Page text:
This is the time to come out of hibernation and to start being really active in the garden. There is a lot to be done and a good start now will pay off for the rest of the year. Where you start will depend on your gardening priorities. Do you just want to keep things tidy and ticking along quietly ? Is the ornamental garden your pride and joy with the aim of colourful all year round interest or do you fancy the Good Life, being as self-sufficient as possible with vegetables and fruit ? …
Tidiness means paying attention to ornamental borders and lawns. You may have been able to get quite a bit done on the borders in February but weeding will certainly need to be done this month. It never really stops. Spring bulbs will be well advanced and perennial plants showing shoots so you shouldn’t be in danger of destroying or damaging the things you want to keep. Check your shrubs to see if they are taking more room than they should and either thin them out by up to a third from the base or, particularly with evergreens, trim them back as needed. Fork over the soil lightly and add compost and/or fertiliser. Growmore is a good general purpose fertiliser while chicken pellets which are a form of manure which is readily available in bags and easy to spread.
Very often, when I am gardening, I find that one thing leads to another and I end up doing a job that I hadn’t thought of when I started. This can happen when you are tidying up a flower border with perennial plants. You may find that some of the clumps are getting quite big or starting to thin out in the middle. You can multiply your plants cheaply by digging them up, discarding any thin bits in the middle and dividing the rest by cutting them with a spade or prising them apart with two forks levered back to back. Some bits can go back where they came from while others can be used to fill out the border elsewhere or used in a new bed. Many perennial’s look best when they are set in good sized clumps and repeats of the same plant in a border are an effective part of garden design.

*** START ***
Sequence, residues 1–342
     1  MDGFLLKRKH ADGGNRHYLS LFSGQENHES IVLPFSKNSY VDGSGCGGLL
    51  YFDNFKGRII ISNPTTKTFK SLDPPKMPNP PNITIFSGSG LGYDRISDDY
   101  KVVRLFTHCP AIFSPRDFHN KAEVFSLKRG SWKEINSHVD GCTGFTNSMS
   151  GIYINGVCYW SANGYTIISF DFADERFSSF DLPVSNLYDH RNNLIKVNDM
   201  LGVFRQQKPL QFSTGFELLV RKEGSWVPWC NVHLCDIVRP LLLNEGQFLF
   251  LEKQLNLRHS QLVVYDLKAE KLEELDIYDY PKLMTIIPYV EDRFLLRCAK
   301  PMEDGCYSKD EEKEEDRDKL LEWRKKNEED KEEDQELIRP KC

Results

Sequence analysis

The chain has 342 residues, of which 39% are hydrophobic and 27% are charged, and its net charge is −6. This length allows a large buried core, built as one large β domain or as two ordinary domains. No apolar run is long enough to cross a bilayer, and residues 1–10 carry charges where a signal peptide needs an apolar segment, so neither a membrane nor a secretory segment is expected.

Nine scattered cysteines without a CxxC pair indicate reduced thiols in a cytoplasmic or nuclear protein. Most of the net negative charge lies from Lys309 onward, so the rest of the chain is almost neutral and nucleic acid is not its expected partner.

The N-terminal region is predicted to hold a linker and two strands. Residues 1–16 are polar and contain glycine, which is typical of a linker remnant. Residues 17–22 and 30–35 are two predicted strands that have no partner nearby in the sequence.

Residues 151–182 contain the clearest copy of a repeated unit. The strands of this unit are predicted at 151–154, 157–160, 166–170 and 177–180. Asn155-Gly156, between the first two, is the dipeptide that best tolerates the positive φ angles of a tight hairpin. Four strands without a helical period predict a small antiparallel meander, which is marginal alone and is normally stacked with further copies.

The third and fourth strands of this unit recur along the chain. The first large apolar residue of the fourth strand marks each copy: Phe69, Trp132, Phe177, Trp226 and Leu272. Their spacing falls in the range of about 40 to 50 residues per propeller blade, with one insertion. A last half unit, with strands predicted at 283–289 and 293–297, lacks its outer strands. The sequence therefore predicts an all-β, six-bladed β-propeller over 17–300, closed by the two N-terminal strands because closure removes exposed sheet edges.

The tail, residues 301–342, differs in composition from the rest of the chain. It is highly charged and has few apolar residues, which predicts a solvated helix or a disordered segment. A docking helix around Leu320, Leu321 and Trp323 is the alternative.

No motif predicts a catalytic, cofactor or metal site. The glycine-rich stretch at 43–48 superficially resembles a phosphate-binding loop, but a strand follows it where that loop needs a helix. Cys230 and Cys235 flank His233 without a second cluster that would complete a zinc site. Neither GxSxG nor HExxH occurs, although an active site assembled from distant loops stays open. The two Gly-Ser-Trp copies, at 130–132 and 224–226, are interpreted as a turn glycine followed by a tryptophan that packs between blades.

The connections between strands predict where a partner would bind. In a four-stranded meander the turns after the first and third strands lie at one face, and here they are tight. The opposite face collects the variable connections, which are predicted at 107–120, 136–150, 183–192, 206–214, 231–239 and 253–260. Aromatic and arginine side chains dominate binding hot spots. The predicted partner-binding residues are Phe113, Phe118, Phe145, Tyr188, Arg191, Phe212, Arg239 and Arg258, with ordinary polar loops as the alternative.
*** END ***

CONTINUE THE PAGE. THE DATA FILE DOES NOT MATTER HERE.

Most people have a lawn of some sort which means that they will need to pay it some attention if they take any pride at all in the appearance of their garden even if they have no real interest in gardening. Keeping the lawn cut is the basic thing and the way it is done does have a considerable effect on its appearance. Keep the mower in good condition by having it serviced at least every couple of years and ensure the blade is sharp. Fairly frequent mowing is important (at least once a week once grass is growing well) and never cut the grass very short. A lawn is not a cricket pitch and shaving it will weaken the grass and leave it looking yellow rather than a good green colour. Start in March with a fairly high cut and then maintain a middling setting for the rest of the year until late autumn when you go back to a longer cut. Mow in a different direction each time so that the grass is not always pushed down in one direction. The grass overhanging the edge of the lawn should be cut with long-handled shears every two or three times the lawn is mown and the edge itself sharpened up every couple of months using a spade or, better, a half-moon edging tool. The sharpness of the lawn’s edge makes a big difference.
Vegetable gardeners will be keen to get going with seed sowing out of doors. Once the soil is fairly dry and friable it should be raked over leaving a fine tilth. Here again, before sowing you can spread Growmore of chicken pellets if you haven’t dug in any garden compost or manure during the winter. Parsnips need to be sown early and you can make a first sowing of carrot, which should be followed up with a couple of successional sowings later on. Onion sets can also be planted now in rows a foot apart (30cm) with four inches (10cm) between each plant. Brassicas and leeks can be sown now and, where possible, start them off under glass in seed trays or pots for planting out later.